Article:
SU pushes for new federal lobby model

The landscape of federal student lobby groups might be changing if Students’ Union vice-president external Hardave Birk has his way.

The University of Calgary SU has been a member of two student-lobby groups, the Canadian Alliance of Student Associations and the Council of Alberta University Students, for 15 and 20 years respectively. As a member, the SU fights for student rights and lobbies on issues such as tuition hikes, textbook copyrights and student funding.

Membership in CASA is made up of individual universities. In Alberta the student unions of the Universities of Lethbridge, Alberta and Calgary are members of both CASA and CAUS, yet recent discussions point to a possible change.

Birk, CAUS chair, has led part of the discussion here at the U of C to what he sees as a better means of federal representation.

“There’s been an appetite for a federal organization to develop in which instead of having individual students’ unions as the members, you have our provincial counterparts as the members,” said Birk.

The provincial lobby group, CAUS, would become a member of CASA instead of the U of C SU. The results of such a change may not seem too productive at first glance, however Birk stated that students would benefit in a number of ways.

Birk said the change could give student leaders more access to government officials, increase federal advocacy, increase interprovincial research and allow CASA to represent two and a half times the number of students.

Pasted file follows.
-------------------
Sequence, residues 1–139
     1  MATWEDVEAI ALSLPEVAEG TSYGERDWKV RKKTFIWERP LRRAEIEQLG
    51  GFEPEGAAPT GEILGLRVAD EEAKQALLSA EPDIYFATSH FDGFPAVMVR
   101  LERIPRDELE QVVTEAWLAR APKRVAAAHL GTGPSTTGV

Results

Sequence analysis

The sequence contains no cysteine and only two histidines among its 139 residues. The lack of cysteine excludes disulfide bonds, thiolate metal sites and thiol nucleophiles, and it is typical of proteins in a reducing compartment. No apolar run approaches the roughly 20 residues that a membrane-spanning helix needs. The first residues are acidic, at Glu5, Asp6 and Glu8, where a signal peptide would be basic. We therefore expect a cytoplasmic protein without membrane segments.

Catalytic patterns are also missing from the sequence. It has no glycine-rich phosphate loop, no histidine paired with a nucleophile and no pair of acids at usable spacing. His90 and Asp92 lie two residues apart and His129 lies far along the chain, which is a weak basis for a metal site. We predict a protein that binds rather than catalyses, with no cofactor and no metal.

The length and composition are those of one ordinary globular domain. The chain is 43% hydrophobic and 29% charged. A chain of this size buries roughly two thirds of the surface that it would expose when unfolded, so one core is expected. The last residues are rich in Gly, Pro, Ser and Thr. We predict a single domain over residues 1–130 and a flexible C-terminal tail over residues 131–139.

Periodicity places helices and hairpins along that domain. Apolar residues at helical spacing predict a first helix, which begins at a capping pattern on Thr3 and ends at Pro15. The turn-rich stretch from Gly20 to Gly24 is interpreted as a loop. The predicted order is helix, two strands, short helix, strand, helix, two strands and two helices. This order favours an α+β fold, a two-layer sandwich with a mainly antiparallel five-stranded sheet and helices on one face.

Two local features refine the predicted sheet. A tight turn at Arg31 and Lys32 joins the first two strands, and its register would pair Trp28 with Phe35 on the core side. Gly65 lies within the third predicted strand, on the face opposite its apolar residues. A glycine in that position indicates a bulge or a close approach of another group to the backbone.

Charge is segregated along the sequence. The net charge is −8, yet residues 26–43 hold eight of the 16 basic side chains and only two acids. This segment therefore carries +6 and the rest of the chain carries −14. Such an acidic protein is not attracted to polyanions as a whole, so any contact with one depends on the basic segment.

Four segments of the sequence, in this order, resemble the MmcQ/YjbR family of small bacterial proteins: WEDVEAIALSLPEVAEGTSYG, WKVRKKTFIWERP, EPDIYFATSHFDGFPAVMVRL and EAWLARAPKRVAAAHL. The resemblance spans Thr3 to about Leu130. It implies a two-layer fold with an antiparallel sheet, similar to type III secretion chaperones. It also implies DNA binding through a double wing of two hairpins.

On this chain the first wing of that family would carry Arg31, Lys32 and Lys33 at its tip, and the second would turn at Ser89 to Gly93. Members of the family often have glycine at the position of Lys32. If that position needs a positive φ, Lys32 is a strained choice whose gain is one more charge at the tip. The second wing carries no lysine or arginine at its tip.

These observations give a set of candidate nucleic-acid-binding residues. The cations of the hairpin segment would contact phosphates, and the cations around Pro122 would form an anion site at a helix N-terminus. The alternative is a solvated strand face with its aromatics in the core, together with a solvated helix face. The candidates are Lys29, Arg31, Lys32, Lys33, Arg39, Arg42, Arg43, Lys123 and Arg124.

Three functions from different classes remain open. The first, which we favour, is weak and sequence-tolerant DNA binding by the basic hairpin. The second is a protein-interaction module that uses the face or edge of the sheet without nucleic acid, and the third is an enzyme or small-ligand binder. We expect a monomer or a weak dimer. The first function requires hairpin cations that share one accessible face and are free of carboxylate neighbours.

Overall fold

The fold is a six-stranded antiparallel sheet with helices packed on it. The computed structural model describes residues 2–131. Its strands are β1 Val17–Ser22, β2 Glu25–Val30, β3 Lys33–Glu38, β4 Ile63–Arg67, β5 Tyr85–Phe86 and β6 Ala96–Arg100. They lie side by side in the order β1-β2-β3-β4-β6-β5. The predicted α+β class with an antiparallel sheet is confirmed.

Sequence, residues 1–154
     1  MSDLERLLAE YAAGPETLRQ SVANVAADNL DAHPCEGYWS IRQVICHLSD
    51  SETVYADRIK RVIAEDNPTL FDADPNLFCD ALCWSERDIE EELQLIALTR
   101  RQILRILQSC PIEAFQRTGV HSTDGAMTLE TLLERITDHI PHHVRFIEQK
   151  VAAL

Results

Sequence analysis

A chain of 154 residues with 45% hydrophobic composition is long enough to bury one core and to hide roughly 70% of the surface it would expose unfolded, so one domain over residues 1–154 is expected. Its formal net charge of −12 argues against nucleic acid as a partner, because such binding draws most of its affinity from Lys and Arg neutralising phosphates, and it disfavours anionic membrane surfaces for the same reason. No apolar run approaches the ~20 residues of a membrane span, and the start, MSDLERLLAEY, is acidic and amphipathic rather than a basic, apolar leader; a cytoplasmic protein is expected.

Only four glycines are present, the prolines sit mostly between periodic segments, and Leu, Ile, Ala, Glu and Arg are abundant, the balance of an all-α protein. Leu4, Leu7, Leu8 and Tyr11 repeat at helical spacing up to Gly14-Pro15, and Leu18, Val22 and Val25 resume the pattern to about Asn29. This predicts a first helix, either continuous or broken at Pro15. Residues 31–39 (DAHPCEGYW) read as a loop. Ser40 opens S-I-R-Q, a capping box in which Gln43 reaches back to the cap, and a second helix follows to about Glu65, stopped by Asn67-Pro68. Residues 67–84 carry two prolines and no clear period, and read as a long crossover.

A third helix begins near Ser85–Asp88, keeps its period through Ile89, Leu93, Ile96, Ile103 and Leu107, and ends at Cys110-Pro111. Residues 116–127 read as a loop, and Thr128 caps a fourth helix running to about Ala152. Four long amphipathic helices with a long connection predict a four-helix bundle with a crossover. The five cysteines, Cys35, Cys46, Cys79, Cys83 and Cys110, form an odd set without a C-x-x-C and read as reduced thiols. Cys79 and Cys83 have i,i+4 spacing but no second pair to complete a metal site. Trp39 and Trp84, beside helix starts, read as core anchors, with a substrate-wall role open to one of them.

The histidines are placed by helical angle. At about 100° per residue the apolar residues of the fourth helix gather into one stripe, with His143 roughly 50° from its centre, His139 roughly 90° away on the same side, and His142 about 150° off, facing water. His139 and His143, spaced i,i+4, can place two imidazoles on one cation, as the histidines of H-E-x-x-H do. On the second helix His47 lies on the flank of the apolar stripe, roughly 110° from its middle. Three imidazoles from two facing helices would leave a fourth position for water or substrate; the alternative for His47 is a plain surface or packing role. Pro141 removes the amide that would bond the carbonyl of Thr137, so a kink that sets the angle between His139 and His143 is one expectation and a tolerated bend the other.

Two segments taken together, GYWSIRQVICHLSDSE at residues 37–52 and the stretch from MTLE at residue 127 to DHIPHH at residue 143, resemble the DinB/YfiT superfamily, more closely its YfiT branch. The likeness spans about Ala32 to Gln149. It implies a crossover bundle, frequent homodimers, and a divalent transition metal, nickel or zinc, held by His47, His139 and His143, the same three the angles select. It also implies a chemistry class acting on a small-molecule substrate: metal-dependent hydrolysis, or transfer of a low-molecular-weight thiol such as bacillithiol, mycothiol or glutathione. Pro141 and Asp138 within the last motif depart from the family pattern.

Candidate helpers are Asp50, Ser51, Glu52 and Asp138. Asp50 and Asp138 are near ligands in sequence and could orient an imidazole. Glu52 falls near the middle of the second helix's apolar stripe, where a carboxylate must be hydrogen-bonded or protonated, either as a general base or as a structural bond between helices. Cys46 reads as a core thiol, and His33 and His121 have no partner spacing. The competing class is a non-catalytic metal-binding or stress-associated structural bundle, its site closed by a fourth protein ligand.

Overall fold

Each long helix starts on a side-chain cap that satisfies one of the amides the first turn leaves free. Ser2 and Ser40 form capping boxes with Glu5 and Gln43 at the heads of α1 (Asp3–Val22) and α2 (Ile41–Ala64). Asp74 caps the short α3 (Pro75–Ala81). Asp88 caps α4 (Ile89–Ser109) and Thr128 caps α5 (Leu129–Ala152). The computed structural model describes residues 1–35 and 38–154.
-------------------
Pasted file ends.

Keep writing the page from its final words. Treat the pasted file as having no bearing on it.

Vice-president academic at the U of L Keith McLaughlin also advocated the idea of provincial proposal of a federal group,

“Just having a more coherent membership structure makes our federal lobbying efforts to be more coherent to the decision makers in Ottawa that we are trying to influence,” said McLaughlin.

He also underlined the benefit of representing more students at federal levels.

While Birk said opposition from external sources has not been an issue, discussion between university unions has seen disagreement about how all these ideas will play out. Birk stated concerns about avoiding a staff-led program to keep students involved and in charge of CASA and CAUS.

“[I have some] scepticism of the ability of student leaders to put their egos aside from time to time,” said McLaughlin

Both Birk and McLaughlin are hopeful about the future of the project although a time line is difficult to come by because the idea is still in its early stages.

“If we don’t get something really concrete in the next six to 12 months, you probably won’t see this going forward,” McLaughlin said. “If we keep moving forward, then we could be cautiously optimistic about this happening.”

U of A SU vice-president external Aden Murphy disagreed.

“There’s nothing huge that’s going to happen within the year.”

Murphy sees the unification of other provincial alliances as an obstacle to a seamless, fast collaboration of this project.

“We want to make sure that it’s not just the people in the room or the student leaders elected this year making this decision,” said Murphy. “It has to be something that our successors agree with and commit with.”

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